Editorial

Traffic management: On a hiding to nowhere

Traffic Chief, Senior Superintendent Linden Alves’ revelation that up to this time in 2019 the number of deaths on our roads have been fewer than for the corresponding period last year (94 deaths so far this year as against 100 in 2018) fits into the Police Traffic Department’s well-worn habit of pressing numbers into service to disguise the truth about the overall state of affairs on our roads.

Pay hike to public servants

Public servants will undoubtedly welcome the retroactive pay increase announced by President Granger on Wednesday and particularly the lump sum that will be provided just in time for the Christmas season.

State land allocation

The allocation of state-owned land has long been a contentious issue in this country, so it is hardly surprising that differences have emerged now over how former sugar estates are being leased.

Democracy in retreat

A respected survey of political freedoms recently concluded that global democracy has been losing ground for at least a dozen years.

Primary school assault

Last week we reported on a case of a primary-school child being admitted to the Georgetown Public Hospital after being beaten by five of his classmates. 

Hazardous waste

At the recent final Environmental Impact Assessment (EIA) disclosure meeting for ExxonMobil’s Payara operation, conservationist Annette Arjoon-Martins questioned officials about the treatment and disposal of hazardous waste, highlighting that there could be serious problems if seepage, for instance, were to occur.

GFF Extraordinary Congress

Last Saturday, at the Guyana Pegasus Hotel, the Guyana Football Federation (GFF), for the second time in three months, hosted an Extraordi-nary Congress.

Stronger defences needed against substandard food, drug imports

Last week the Government Analyst-Food and Drugs Department (GAFDD) announced that yet another consignment of expired foods had found its way into Guyana and that some of it had breached the official monitoring systems that ought to be afforded by the Customs and Trade Administration and by now, have almost certainly found their way onto the local market.

Antillean tragedy

Martinique and Guadeloupe, the two French Caribbean islands in the Lesser Antilles archipelago, are havens for tourists.

No coalitions

The Liberty and Justice Party has now brought itself into alignment with three other small parties by eschewing an alliance with either the governing Coalition or the PPP/C for the purposes of the 2020 election.

First oil

So, the first oil to be extracted from Guyana’s bountiful wells in the Stabroek Block will be divvied up between ExxonMobil and its two partners Hess and CNOOC.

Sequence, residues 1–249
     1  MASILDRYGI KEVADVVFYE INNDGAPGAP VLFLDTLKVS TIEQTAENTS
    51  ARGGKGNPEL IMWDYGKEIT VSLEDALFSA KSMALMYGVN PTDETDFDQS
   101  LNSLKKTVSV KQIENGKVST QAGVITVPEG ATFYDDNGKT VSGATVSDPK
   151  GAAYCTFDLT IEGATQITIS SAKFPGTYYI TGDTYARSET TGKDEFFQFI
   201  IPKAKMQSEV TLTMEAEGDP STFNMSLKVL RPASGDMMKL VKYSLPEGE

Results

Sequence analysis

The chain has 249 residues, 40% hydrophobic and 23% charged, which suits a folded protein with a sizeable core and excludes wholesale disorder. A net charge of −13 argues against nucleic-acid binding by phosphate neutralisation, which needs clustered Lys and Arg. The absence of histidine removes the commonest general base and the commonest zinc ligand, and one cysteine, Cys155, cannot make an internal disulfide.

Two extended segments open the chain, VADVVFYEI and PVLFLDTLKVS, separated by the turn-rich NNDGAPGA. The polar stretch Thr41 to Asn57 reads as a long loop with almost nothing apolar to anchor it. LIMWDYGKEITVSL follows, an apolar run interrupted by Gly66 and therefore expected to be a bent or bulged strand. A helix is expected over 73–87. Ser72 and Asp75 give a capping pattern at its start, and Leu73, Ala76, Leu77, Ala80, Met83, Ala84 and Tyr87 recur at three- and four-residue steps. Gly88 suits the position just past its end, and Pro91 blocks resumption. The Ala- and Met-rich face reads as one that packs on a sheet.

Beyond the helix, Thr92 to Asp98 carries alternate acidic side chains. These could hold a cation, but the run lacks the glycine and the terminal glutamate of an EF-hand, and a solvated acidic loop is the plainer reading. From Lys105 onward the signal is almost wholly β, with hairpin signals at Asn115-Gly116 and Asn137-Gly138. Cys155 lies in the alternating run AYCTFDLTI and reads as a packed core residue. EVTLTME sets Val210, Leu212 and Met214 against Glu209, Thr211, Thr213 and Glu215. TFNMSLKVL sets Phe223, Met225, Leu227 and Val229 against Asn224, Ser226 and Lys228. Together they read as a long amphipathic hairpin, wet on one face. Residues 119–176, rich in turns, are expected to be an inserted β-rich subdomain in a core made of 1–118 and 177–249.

The President and ‘fairness’ in the press

A fearsome-looking Doberman graces the front cover of the March 1996 edition of Guyana Review under the caption, ‘The media’s watchdog role.’ The leaders for that month deal with the media, the major one of which discusses the issues between a free press and the state in the context of David de Caires’s role in trying to broker a resolution in the impasse between the Trinidad Guardian and then Trinidadian Prime Minister Basdeo Panday.

Eenie, Meenie,  Miney, Mo

Global organisations, including the World Health Organisation (WHO) and UNICEF, have declared, based on data they have gathered and compiled, that maternal mortality has declined by 38% between 2000 and 2017, though they agree that the incidence is still unacceptably high.

Voter suppression

On October 29, nearly a week ago, it was reported to the media by several commissioners of the Guyana Elections Commission (GECOM) following their weekly meeting that a decision had been taken by the Chair, Justice (Rtd) Claudette Singh that the names of over 25,000 could be excluded from the Official List of Electors (OLE) for the March 2020 General and Regional Elections if those persons made no effort to uplift National Identification Cards which have not been collected going all the way back to 2008.

QC

This year, Queen’s College celebrates its 175th anniversary. It is one of the few functioning institutions to have survived here for this length of time, and the weight of that tradition is still apparent notwithstanding the vicissitudes to which the school has been subject in the more recent past.

Taking to the streets

Recent street protests in Algeria, Chile, Hong Kong, India, Iraq, Lebanon, Pakistan and Russia indicate a groundswell of political discontent that stretches across the globe.

Getting out the message

At a Press Association dinner last Saturday Foreign Secretary Carl Greenidge expressed his concern about the fact that the narrative of the controversy pertaining to Guyana’s border with Venezuela was being relayed to the world in a way which was “distorted and untrue.” He went on to explain that, “Venezuela or its agents have been placing pieces in our press.

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